Diane August August & Associates
Report No. 61
This report was published by the Center for Research on the Education of Students Placed At Risk (CRESPAR), a national research and development center supported by a grant (No. R-117-D40005) from the Office of Educational Research and Improvement (OERI), U.S. Department of Education. The content or opinions expressed herein do not necessarily reflect the views of the Department of Education or any other agency of the U.S. Government. Reports are available from: Publications Department, CRESPAR/Johns Hopkins University; 3003 N. Charles Street, Suite 200; Baltimore MD 21218. An on-line version of this report is available at our web site: www.csos.jhu.edu.
Copyright 2003, The Johns Hopkins University, all rights reserved.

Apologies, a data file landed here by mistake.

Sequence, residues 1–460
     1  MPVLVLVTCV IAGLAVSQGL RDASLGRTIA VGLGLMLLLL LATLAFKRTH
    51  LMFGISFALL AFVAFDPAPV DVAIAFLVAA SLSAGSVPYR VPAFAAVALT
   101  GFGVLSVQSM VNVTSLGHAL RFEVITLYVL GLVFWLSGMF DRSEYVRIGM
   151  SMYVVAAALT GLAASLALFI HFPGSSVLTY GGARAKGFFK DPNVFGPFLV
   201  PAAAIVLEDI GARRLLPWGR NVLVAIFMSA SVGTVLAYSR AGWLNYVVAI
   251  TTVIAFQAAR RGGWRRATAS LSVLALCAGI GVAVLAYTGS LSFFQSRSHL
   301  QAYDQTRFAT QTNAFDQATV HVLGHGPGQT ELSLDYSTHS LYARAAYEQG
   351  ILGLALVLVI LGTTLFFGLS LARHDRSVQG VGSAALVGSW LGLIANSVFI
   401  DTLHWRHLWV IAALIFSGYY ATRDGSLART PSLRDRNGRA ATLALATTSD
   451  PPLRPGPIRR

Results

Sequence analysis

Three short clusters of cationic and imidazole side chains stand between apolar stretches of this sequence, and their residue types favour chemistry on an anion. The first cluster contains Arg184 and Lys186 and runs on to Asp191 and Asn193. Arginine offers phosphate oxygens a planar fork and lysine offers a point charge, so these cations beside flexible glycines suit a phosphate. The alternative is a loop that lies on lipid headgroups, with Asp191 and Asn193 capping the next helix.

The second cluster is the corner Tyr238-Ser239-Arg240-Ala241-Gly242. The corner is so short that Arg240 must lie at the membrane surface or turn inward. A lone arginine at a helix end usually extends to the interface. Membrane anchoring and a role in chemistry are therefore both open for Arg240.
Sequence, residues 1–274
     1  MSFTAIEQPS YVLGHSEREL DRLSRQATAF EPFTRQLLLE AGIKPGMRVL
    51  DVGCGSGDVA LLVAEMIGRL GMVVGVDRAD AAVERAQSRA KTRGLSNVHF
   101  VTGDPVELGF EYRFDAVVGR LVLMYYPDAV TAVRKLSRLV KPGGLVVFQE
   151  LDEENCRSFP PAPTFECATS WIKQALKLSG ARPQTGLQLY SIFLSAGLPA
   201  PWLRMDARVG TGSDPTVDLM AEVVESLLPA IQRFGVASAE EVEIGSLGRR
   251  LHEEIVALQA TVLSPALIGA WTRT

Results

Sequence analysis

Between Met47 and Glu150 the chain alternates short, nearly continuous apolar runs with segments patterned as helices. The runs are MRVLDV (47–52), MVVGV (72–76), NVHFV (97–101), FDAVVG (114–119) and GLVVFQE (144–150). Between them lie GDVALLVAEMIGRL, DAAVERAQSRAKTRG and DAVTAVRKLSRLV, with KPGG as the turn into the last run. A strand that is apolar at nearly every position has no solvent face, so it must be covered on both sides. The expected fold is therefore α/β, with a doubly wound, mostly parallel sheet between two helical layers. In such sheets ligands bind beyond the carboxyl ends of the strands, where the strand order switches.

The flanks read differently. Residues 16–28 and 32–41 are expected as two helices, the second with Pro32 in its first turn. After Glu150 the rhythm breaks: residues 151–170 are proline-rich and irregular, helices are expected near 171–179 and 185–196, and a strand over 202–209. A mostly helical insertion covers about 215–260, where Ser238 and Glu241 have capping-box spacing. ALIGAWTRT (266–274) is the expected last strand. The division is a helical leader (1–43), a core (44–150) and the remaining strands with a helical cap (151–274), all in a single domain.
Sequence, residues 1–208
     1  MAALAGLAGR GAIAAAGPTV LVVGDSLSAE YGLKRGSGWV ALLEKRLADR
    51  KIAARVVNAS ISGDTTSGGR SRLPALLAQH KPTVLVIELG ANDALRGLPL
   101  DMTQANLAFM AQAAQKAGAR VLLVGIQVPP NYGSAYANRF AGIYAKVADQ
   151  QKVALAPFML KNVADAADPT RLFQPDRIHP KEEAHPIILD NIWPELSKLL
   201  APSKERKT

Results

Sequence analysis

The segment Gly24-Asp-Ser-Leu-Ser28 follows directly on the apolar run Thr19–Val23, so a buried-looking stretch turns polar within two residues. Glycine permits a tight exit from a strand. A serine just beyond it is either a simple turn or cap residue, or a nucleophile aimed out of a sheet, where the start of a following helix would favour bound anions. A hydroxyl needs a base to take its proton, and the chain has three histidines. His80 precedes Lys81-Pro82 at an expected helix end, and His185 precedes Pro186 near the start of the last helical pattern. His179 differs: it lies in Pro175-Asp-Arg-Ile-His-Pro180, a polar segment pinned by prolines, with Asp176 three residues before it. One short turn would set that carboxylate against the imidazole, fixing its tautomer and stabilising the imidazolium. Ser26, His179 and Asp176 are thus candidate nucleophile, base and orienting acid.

Every child has the capacity to succeed in school and in life. Yet far too many children fail to meet their potential. Many students, especially those from poor and minority families, are placed at risk by school practices that sort some students into high-quality programs and other students into low-quality education. CRESPAR believes that schools must replace the “sorting paradigm” with a “talent development” model that sets high expectations for all students, and ensures that all students receive a rich and demanding curriculum with appropriate assistance and support. The mission of the Center for Research on the Education of Students Placed At Risk (CRESPAR) is to conduct the research, development, evaluation, and dissemination needed to transform schooling for students placed at risk. The work of the Center is guided by three central themes—ensuring the success of all students at key development points, building on students’ personal and cultural assets, and scaling up effective programs—and conducted through research and development programs in